Warnagiris, who was wearing a dark jacket, military green backpack and black and tan gloves, pushed past police officers standing guard outside Capitol doors and forced his way into the building, according to court documents. He then appeared to use his body to keep the door partially open and helped pull others inside, authorities said.

A U.S. Capitol Police officer, who moved between Warnagiris and the crowd outside, tried to pull the door shut while Warnagiris fought to keep it open, court documents say. The officer told the FBI that he had tried to push Warnagiris out of the way and the man shoved him back, authorities said.

A former coworker who recognized Warnagiris in photos reported him to the FBI in March, court documents say. The next day, FBI agents went to his military command and showed pictures to someone he works with, who identified the man in the photos as Warnagiris.

The Marine Corps said in a statement that "there is no place for racial hatred or extremism" in its ranks.

"Those who can't value the contributions of others, regardless of background, are destructive to our culture, our warfighting ability, and have no place in our ranks," it said.

More than 400 people have been charged so far in the siege. Among them are four members or reservists of the National Guard and about 40 military veterans, according to the Justice Department.

The charges against the rioters range from misdemeanor offenses, such as disorderly conduct in a restricted building, to serious conspiracy cases against members and associates of the Proud Boys and Oath Keepers extremist groups.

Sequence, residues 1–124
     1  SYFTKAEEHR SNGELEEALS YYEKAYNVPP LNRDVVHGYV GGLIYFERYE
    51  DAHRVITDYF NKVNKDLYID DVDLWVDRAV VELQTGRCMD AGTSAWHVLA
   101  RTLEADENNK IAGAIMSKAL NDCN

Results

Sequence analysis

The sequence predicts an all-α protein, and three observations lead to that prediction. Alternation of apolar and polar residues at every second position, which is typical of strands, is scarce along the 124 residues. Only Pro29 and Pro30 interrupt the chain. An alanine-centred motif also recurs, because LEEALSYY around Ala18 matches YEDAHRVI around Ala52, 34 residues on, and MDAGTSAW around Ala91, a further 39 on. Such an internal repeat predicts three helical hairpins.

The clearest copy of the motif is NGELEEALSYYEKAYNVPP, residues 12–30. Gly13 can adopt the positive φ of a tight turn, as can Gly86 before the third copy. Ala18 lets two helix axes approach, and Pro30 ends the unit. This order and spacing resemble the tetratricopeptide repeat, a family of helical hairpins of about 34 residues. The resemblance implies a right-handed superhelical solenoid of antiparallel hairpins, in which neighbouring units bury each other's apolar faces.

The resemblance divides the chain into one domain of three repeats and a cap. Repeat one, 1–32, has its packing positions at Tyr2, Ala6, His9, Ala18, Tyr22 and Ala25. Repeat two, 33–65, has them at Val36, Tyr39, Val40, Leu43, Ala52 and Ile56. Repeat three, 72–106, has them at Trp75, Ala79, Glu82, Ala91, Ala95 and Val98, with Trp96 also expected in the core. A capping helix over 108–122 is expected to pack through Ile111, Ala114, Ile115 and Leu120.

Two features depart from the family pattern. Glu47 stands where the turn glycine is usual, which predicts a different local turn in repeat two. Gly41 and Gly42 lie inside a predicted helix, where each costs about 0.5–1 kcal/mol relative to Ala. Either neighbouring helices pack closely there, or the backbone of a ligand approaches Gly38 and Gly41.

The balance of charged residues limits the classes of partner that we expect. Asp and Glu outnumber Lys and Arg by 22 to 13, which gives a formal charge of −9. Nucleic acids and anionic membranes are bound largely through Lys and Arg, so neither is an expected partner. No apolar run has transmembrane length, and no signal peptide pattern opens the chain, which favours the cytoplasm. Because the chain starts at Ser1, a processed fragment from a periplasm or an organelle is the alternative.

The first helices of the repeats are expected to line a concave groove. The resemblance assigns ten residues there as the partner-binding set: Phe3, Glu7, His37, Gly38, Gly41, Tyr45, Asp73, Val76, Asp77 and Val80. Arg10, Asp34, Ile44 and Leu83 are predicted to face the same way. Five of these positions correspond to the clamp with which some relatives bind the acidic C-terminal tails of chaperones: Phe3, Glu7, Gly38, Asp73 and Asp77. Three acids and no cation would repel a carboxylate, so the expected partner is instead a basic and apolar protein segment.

2 more indicted in real estate agent's 2019 death

MINNEAPOLIS (AP) — Two more people have been indicted by a grand jury in the 2019 kidnapping and slaying of a real estate agent in Minnesota.

Elsa Segura, 29, of Fridley, and Lyndon Wiggins, 36, were indicted Thursday by a Hennepin County Grand Jury on four counts of aiding and abetting the crimes of first-degree murder, attempted second-degree murder, kidnapping and first-degree felony murder while committing kidnapping.

Wiggins' attorney, Joseph Friedberg, declined to comment Friday on the indictment. Segura's attorney, Amanda Montgomery, did not immediately return a message for comment.

Two other co-defendants, Cedric Berry, of Minneapolis, and Berry Davis, of Brooklyn Park, were indicted in February 2020 by a Hennepin County Grand Jury on the same charges.

Prosecutors said Monique Baugh, 28, was lured to a phony home showing in the Minneapolis suburb of Maple Grove, kidnapped and found shot to death in a Minneapolis alley on New Year's Eve.

Police believe that Baugh's boyfriend, Jon Mitchell-Momoh, was the intended victim in a dispute over a record deal with a fellow rapper.

Mitchell-Momoh told detectives he believed that he was targeted either because he had been flaunting "a lot of money" on his social media accounts or that people suspected him of cooperating with police, according to court filings.

A jury trial for Berry and Davis is scheduled to begin Monday.

Lawyer: 'Tiger King's' Jeff Lowe willing to give up big cats